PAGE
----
the users that did a chargeback allowing new transactions
to go through. Many gateways and processors offer
this service for free to their merchants. They
take the data from all of the merchants on their
systems and use it to create a master blacklist.
So even if the merchant did a chargeback with
a different merchant you may be protected.
With all of our accounts when a Chargeback is issued
you will receive an RFI - Request For Information.
Even when you do receive a chargeback, you may be able
to resolve it without losing the sale. Simply provide
your acquirer with additional information about the
transaction or the actions you have taken related to
For example, you might receive a chargeback because
the cardholder is claiming that credit has not been
given for returned merchandise. You may be able to resolve
the issue by providing proof that you submitted the
credit on a specific date. In this example and
similar situations, always send your acquirer as much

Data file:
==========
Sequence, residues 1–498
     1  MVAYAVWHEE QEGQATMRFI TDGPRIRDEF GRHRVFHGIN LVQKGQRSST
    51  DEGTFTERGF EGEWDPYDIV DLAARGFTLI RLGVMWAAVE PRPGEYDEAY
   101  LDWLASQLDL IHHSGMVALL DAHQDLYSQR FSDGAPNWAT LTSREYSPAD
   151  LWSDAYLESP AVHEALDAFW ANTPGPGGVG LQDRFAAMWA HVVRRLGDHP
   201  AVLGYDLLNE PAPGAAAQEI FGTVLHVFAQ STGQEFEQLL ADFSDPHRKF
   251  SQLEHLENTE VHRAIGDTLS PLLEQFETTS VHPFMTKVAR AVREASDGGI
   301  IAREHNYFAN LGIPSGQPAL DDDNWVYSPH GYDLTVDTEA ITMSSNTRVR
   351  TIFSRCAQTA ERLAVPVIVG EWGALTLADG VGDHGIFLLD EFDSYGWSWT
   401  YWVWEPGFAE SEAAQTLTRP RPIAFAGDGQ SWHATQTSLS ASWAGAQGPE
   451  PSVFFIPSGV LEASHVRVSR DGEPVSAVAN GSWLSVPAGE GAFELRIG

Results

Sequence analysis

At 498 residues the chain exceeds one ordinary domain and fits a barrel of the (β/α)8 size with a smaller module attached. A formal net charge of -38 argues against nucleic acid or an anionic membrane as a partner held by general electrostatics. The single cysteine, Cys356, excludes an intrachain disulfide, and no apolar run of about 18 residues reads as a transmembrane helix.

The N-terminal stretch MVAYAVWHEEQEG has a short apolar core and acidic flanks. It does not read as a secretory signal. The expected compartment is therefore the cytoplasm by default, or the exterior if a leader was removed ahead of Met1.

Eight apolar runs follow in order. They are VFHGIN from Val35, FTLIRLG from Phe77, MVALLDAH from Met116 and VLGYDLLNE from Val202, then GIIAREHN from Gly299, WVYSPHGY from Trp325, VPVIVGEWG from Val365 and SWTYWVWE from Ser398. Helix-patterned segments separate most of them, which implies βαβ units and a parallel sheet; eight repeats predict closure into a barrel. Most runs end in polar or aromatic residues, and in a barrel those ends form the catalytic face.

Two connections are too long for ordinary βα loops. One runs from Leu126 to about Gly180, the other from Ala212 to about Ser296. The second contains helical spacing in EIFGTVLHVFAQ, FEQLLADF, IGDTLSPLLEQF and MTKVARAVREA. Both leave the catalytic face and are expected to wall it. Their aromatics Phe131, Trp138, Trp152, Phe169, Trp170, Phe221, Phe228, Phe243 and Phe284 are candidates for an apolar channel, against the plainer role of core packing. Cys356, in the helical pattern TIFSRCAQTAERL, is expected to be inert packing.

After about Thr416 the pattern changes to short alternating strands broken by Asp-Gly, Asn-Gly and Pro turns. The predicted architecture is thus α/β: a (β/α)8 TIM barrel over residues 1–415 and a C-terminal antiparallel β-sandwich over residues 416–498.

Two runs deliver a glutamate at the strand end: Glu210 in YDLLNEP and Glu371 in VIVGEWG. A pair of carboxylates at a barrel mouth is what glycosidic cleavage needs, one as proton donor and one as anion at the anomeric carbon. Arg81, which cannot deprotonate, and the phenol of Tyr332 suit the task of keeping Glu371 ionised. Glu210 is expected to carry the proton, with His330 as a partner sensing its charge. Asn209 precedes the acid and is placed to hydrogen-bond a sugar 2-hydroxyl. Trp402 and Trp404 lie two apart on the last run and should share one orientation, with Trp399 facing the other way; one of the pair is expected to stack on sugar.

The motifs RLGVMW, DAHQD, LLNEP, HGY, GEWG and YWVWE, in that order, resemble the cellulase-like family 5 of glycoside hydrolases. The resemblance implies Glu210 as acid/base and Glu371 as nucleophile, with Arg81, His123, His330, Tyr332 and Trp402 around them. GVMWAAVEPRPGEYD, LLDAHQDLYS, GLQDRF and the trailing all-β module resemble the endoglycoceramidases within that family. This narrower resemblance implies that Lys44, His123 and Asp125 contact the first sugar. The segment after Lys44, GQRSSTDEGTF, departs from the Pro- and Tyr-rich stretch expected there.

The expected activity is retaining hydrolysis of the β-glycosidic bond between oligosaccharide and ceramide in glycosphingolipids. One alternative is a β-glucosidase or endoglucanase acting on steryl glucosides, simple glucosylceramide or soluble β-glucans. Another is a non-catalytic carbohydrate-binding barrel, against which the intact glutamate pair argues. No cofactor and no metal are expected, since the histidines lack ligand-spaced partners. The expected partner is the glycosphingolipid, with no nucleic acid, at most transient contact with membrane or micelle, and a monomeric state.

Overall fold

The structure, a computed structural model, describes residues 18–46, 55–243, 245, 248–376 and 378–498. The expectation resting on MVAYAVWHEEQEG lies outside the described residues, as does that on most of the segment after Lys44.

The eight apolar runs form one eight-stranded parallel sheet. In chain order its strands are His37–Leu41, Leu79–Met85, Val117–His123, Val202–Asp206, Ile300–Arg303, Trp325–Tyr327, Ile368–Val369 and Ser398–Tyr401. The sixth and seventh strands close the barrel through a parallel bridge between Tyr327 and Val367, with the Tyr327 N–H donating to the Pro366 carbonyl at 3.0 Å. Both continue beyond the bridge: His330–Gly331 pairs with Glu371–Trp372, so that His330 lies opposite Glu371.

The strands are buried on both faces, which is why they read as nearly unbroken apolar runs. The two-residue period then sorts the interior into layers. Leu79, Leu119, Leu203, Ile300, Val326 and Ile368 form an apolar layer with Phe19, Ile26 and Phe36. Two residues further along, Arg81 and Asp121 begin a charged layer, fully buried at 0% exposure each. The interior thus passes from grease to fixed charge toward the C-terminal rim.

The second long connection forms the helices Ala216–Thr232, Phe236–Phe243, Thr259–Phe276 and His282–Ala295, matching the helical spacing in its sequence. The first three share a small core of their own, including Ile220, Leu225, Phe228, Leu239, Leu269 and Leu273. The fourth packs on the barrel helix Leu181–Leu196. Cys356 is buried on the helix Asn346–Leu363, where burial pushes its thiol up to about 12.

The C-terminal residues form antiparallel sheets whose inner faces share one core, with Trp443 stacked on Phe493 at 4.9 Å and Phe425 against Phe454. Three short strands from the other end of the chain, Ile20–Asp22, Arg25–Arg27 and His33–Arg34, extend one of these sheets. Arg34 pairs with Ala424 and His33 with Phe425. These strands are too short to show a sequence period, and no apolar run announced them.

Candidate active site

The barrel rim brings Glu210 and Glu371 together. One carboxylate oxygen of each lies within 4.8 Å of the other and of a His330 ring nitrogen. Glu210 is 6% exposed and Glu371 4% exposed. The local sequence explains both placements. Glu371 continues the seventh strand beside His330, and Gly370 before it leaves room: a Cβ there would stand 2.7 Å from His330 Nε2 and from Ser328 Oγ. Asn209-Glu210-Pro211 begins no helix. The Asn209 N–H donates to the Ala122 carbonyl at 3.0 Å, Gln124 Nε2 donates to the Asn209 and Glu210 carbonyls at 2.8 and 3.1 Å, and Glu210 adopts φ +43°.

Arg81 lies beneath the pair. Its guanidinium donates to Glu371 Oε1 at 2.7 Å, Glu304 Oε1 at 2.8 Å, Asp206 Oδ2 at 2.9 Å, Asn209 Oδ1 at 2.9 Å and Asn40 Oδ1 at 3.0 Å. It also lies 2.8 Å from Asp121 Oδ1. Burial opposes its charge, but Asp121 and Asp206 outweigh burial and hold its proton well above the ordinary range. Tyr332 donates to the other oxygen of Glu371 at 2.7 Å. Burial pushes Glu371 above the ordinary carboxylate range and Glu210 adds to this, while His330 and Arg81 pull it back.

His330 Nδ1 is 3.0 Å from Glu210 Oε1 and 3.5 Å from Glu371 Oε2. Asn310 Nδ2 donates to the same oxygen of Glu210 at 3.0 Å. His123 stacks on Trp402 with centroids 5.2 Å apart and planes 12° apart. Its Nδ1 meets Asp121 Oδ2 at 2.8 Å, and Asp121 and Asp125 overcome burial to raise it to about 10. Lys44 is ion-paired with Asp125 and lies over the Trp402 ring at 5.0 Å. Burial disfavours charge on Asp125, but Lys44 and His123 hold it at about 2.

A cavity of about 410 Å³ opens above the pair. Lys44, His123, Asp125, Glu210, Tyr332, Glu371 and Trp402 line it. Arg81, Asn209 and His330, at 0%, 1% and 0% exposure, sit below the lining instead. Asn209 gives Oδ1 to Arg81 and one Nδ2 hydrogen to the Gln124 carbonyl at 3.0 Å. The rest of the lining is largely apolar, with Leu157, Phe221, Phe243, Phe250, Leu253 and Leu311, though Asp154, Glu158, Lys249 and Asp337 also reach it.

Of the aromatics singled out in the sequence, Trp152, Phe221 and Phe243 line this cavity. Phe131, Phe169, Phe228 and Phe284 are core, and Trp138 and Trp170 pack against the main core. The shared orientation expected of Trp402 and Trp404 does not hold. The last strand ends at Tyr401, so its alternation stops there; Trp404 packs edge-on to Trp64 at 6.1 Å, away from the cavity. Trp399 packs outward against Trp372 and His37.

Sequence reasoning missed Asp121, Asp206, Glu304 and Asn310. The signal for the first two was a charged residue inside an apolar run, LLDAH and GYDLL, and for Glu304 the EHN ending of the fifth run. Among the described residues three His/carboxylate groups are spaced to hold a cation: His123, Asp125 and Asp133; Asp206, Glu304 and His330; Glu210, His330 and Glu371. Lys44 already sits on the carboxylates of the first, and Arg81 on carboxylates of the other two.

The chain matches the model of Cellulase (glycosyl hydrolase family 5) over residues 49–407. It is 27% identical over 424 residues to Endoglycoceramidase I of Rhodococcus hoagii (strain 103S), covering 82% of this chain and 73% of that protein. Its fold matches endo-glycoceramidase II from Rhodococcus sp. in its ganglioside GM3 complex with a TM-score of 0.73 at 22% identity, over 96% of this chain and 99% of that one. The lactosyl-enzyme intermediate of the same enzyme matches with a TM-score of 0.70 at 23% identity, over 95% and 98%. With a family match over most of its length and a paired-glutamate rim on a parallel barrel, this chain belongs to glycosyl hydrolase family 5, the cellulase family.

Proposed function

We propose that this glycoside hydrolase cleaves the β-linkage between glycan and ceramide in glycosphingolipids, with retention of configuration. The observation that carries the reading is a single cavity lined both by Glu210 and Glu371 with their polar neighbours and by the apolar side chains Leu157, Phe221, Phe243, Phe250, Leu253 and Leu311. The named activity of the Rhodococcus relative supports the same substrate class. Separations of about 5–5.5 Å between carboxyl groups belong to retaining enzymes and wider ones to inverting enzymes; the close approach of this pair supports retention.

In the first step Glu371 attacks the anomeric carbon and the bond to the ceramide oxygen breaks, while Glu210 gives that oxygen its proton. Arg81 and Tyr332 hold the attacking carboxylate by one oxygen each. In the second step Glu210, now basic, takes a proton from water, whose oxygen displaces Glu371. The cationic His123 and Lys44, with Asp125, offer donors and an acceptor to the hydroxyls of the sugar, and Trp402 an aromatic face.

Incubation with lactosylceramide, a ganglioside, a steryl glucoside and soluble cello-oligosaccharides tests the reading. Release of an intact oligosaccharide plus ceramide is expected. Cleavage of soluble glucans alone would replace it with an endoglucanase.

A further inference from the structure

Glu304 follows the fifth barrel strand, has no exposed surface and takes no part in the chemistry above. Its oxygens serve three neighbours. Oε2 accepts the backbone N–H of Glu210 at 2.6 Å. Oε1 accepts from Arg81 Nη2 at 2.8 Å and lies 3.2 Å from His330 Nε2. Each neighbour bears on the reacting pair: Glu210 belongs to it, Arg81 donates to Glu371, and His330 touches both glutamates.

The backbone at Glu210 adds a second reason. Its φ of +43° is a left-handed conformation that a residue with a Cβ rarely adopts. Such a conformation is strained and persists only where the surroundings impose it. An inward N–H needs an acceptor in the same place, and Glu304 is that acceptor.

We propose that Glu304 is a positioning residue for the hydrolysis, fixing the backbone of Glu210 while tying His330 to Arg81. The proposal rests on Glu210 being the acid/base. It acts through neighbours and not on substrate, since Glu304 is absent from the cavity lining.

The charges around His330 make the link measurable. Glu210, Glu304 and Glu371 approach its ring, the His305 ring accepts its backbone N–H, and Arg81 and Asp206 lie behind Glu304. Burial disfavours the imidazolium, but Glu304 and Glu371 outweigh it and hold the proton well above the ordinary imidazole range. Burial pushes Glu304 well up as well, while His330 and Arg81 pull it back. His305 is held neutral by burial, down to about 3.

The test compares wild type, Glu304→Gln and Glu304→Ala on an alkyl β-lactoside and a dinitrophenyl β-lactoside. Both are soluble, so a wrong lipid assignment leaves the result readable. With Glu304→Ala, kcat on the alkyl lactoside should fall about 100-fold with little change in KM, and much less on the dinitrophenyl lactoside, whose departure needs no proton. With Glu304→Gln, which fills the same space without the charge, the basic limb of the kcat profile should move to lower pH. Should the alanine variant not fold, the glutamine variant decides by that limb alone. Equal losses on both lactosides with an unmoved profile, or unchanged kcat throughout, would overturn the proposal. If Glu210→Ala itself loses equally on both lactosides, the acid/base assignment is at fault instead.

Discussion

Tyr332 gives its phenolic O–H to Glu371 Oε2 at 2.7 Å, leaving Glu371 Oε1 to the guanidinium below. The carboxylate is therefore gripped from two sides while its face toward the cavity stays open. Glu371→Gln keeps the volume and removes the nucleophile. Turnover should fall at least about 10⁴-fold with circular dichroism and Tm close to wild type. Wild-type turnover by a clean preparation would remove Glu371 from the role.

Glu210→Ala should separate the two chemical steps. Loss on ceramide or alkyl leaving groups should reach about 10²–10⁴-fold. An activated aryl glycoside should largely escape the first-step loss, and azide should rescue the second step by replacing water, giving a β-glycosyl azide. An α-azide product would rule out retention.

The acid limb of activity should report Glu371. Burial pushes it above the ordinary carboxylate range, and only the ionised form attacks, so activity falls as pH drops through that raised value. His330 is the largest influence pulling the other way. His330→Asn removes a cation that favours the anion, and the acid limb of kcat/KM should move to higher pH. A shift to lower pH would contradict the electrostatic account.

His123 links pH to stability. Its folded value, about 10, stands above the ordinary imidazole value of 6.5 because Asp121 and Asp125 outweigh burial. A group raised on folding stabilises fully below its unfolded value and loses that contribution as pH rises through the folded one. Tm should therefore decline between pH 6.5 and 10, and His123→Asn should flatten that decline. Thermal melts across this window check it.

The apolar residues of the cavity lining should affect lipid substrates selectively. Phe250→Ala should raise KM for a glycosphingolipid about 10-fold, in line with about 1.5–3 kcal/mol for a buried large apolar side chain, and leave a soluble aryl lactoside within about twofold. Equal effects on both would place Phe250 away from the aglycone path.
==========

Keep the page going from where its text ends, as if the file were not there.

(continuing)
information as possible to help it remedy the chargeback.
With appropriate information, your acquirer may be able
to resubmit, or “re-present,” the item to
the card issuer for payment. Timeliness is also
essential when attempting to remedy a chargeback.
Each step in the chargeback cycle has a defined time
limit during which action can be taken. If you or your
acquirer do not respond during the time specified on
the request—which may vary depending on your acquirer—you
will not be able to remedy the chargeback.
Although many chargebacks are
resolved without the merchant losing the sale, some
cannot be remedied. In such cases, accepting the chargeback
may save you the time and expense of needlessly contesting
Fraud Prevention plays an important role in the reduction
of the number of Chargebacks you receive. Here is a
number of fraud prevention facilities and procedures
- what is it and how to stop it?
Friendly fraud (we personally hate this industry
term as there is nothing 'friendly' about it) happens
when a customer makes a credit card payment with their